The tradition continues. Larry and I joined Julie and her husband Sam for an overnight stay in a hut buried in the woods at ten thousand feet in the Rockies. The hut had no running water, a wood stove, and an outdoor bathroom but —it had Monopoly. Julie gleefully proclaimed victory after a two-hour marathon game. Over one Thanksgiving, I taught Adam gin rummy, and after the first hand he won the next four games against me. (Do you now see the pattern?)
When I lived in Upstate New York, several of my friends were in Mah Jongg groups. “Do you Mahj?” they would ask. No, I didn’t. My mother-in-law Doris had played, but I didn’t have a “Clue” as to what the game entailed.
It wasn’t until I moved to Florida and was asked again if I “Mahjed,” did I give the ancient Chinese game a try. I loved it! It had, in my mind, the best elements of every game I had had ever loved: Go Fish, Gin Rummy, Yahtzee, and RummiKub. As my sister-in-law inherited her mother’s set, I quickly purchased my own. I even brought the set with me—along with Yahtzee—on a recent cruise. I played with friends four mornings while at sea, so it was worth schlepping the three pound tote on board.
Initially, Larry and I took Hedy up on her offer. About forty people meet every other Sunday in a community room to play RummiKub. Larry and I realized after we had played a couple of games that Mom’s set was missing a tile, a blue three. A friend lent me her unused set, but it didn’t have the same meaning as playing with the same tiles that my mother had used for so many years. (If anyone has an incomplete RummiKub game with a blue three still in the bag, send it my way please! My mom and I will thank you! ) Alas, I had been spoiled by Mah Jongg. It challenged me more than Rummikub, and we haven’t returned since the pandemic closed the meetings down.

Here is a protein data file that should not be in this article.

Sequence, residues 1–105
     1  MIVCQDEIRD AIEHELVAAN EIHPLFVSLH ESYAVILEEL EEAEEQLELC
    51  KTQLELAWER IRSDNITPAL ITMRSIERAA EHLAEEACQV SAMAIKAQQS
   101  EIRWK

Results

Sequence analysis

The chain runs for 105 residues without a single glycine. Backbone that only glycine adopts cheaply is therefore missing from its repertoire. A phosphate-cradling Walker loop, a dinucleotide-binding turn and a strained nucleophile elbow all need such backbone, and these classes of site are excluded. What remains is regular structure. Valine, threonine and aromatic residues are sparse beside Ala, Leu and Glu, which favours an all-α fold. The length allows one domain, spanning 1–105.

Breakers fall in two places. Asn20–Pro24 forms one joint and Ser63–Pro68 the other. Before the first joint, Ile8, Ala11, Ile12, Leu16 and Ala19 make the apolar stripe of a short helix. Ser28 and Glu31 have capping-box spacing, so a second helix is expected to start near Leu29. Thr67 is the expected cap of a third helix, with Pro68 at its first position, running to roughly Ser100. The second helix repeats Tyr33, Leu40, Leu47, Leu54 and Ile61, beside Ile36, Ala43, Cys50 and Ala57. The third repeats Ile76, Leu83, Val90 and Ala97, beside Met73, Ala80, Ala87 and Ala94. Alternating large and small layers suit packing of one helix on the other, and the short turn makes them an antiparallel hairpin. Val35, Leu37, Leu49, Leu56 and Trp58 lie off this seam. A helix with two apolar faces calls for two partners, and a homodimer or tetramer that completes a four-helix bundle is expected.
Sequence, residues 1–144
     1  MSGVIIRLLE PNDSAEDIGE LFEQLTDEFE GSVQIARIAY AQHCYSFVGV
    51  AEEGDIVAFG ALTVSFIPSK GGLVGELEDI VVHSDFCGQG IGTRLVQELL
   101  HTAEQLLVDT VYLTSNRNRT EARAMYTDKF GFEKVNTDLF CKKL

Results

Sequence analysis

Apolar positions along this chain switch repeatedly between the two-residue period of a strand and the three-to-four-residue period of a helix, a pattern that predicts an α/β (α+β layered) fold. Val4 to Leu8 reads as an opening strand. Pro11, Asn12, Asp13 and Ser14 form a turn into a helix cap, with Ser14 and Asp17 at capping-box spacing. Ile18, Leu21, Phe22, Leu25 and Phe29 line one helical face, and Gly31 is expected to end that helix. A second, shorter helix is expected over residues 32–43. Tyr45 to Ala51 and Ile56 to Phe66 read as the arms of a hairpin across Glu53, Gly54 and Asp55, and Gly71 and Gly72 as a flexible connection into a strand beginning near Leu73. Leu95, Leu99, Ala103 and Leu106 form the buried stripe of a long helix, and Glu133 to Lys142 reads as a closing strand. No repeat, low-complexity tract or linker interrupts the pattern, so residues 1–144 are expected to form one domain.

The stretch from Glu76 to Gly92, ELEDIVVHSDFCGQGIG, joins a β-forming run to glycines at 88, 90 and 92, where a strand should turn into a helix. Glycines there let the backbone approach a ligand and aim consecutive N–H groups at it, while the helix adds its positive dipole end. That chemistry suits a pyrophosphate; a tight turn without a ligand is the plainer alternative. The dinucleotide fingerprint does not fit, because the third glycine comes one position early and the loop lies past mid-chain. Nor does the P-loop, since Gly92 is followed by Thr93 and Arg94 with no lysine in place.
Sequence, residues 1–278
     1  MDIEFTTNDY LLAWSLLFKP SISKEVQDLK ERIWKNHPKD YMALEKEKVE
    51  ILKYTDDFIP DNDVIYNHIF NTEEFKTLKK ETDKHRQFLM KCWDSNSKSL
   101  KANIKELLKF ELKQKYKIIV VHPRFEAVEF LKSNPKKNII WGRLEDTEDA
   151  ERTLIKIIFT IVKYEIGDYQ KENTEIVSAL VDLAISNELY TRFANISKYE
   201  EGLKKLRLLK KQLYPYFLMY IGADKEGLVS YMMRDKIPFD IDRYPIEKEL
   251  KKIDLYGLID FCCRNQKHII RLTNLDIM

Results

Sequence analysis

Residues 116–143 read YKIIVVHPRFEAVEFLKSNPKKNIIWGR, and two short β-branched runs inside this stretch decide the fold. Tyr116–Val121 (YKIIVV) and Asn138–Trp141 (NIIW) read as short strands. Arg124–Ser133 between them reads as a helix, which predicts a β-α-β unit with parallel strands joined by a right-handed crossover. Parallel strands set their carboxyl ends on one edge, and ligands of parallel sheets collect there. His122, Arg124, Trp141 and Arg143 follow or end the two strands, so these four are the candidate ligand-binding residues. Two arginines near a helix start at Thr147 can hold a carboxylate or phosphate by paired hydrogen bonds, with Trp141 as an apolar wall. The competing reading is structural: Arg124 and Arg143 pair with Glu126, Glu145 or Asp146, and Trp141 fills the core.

Surprisingly, Larry and I didn’t resort to games to get us through the pandemic. For the first month, we played Yahtzee every night. I was losing too many matches, however, so we switched to crossword puzzles. Larry would print out two copies of the same puzzle; we would work solo. Larry often finished first, but if we were both stuck, we worked together to complete it.
My Colorado granddaughter has also developed an early love for games. She has played with her Gammy and Zayde Pete the Cat, Fish, War, Old Maid, and Candy Land. When she turned seven, we gave her Sorry!, the the most adult game we have played with her. We love the challenge, and she is good! I recently asked her if she would like to learn Mah Jongg, and she said no. Considering I don’t have a set up here in the Rockies, that will have to wait. Maybe we can start with Rummikub?
In the end, just like my mother and my mother-in-law, I love meeting regularly with friends and family to share a game, food, and conversation. Games not only bring people together but also bring back memories of time spent with those you love and with whom you share a history. As they say in New Jersey, I “oije” everyone to give games a try.
A version of this article originally appeared in the Jewish World News, a bi-weekly subscription-based newspaper in upstate New York.